PYEONGCHANG, South Korea (Reuters) - Italian hearts embraced Sofia Goggia on Wednesday after a golden run down a slice of South Korean mountainside won her nation its first women’s downhill Olympic title.
That feat alone should be sufficient to confer on her superstar status at home, but the thrilling manner of her victory and her joyously garrulous celebrations suggest Goggia will be an enduring heroine for some time to come in her homeland.
“Mythical Sofia,” the front page headline of Corriere della Sera online blared, while Prime Minister Paolo Gentiloni tweeted: “The great Sofia Goggia, our first gold in the history of women’s downhill.”
Goggia’s Pyeongchang gold eclipsed Norwegian Ragnhild Mowinckel and Lindsey Vonn’s silver and bronze finishes respectively, and saw her match Zeno Colo’s feat in winning the men’s downhill in Oslo in 1952.
As the 25-year-old was left to describe her race in poetic terms, and share quirky anecdotes with enraptured reporters, the beaming head of Italy’s National Olympic Committee (CONI) Giovanni Malago eulogized his compatriot.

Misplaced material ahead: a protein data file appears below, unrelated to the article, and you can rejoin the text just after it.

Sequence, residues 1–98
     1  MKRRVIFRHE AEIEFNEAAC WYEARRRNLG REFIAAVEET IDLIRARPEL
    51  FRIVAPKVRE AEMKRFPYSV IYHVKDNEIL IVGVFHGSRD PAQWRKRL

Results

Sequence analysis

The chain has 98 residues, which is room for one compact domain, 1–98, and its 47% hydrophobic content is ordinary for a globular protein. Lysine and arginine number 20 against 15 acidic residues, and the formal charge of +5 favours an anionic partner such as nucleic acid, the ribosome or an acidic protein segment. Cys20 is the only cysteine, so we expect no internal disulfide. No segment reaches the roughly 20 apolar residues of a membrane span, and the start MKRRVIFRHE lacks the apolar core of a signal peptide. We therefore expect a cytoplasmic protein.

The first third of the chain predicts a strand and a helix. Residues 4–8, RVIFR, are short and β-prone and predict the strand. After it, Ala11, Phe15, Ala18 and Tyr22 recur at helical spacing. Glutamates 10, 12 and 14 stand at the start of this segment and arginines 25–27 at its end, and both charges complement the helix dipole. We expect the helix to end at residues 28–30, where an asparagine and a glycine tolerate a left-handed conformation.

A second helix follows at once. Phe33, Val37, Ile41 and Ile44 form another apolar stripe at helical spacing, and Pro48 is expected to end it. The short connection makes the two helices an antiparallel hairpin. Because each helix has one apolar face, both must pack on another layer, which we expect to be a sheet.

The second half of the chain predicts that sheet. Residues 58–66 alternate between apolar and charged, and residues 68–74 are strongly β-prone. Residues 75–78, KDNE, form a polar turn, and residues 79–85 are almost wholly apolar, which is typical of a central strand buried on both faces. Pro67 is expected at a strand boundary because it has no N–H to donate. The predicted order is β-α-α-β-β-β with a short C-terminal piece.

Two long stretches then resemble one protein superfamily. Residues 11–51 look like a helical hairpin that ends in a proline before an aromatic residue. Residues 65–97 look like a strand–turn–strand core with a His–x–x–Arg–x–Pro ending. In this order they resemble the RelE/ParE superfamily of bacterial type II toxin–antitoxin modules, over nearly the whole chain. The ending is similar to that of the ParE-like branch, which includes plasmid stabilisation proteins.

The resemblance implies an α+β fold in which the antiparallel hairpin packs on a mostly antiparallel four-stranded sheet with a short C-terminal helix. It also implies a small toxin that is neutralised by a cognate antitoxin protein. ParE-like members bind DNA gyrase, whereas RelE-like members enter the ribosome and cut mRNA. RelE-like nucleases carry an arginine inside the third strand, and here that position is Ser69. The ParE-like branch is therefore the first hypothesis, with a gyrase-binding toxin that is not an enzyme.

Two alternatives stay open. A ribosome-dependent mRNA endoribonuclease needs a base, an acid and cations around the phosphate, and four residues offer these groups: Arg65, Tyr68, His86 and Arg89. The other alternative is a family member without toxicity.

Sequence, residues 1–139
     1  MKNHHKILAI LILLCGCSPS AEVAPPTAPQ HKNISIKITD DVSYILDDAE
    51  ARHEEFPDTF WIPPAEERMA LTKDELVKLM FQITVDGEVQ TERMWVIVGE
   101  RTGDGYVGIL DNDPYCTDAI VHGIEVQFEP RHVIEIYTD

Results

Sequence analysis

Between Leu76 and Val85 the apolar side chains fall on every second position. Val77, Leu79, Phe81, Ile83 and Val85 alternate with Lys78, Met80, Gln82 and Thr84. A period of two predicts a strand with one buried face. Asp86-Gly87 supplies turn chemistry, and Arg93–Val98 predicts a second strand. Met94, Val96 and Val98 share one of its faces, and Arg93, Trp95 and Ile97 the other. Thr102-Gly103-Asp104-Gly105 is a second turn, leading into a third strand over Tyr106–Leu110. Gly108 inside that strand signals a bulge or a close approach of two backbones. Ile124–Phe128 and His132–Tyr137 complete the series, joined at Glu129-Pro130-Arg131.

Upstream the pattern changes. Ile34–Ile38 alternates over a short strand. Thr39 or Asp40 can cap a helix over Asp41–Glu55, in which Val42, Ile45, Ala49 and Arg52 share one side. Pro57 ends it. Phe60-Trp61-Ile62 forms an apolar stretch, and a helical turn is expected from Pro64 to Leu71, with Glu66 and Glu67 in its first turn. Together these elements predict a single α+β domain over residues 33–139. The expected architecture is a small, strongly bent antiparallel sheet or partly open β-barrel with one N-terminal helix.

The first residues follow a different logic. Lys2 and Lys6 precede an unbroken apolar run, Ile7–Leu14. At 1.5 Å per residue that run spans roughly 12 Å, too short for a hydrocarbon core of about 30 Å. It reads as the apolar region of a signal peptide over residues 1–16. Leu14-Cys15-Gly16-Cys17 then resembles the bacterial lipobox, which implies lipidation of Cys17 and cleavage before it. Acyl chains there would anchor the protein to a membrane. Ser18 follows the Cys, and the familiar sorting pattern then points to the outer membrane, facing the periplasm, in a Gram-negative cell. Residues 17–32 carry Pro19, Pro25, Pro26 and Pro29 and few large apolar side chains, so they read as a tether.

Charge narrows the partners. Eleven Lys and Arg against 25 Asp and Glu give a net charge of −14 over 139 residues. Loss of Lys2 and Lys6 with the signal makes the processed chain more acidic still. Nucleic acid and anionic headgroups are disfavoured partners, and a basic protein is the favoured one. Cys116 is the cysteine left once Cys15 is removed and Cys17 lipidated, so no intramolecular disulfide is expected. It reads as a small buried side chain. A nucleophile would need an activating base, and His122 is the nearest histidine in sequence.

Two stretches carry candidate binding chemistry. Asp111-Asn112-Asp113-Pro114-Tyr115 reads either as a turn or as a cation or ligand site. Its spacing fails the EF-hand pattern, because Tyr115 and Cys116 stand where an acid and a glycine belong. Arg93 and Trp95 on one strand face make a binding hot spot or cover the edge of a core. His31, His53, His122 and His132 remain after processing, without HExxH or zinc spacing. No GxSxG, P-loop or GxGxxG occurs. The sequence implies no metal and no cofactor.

“For us it is a very special day, because we won other medals but this is symbolic for us... history...
“Our country has a strong tradition in Alpine, we won men’s and female... many categories... but we never won in downhill with a female. So it is the first time and so we are really happy,” he enthused.
“After the super-G (in which Goggia finished 11th) we knew that a lot of things could happen,” he told reporters at the foot of the mountain. “And we were afraid the same things might happen here in the downhill... but she was very strong and we are very happy.”
As the garrulous Goggia talked through her triumph, Malago smiled. “She’s unbelievable,” he said. “How strong is her enthusiasm?
“You have seen... she is contagious.”
Editing by Sudipto Ganguly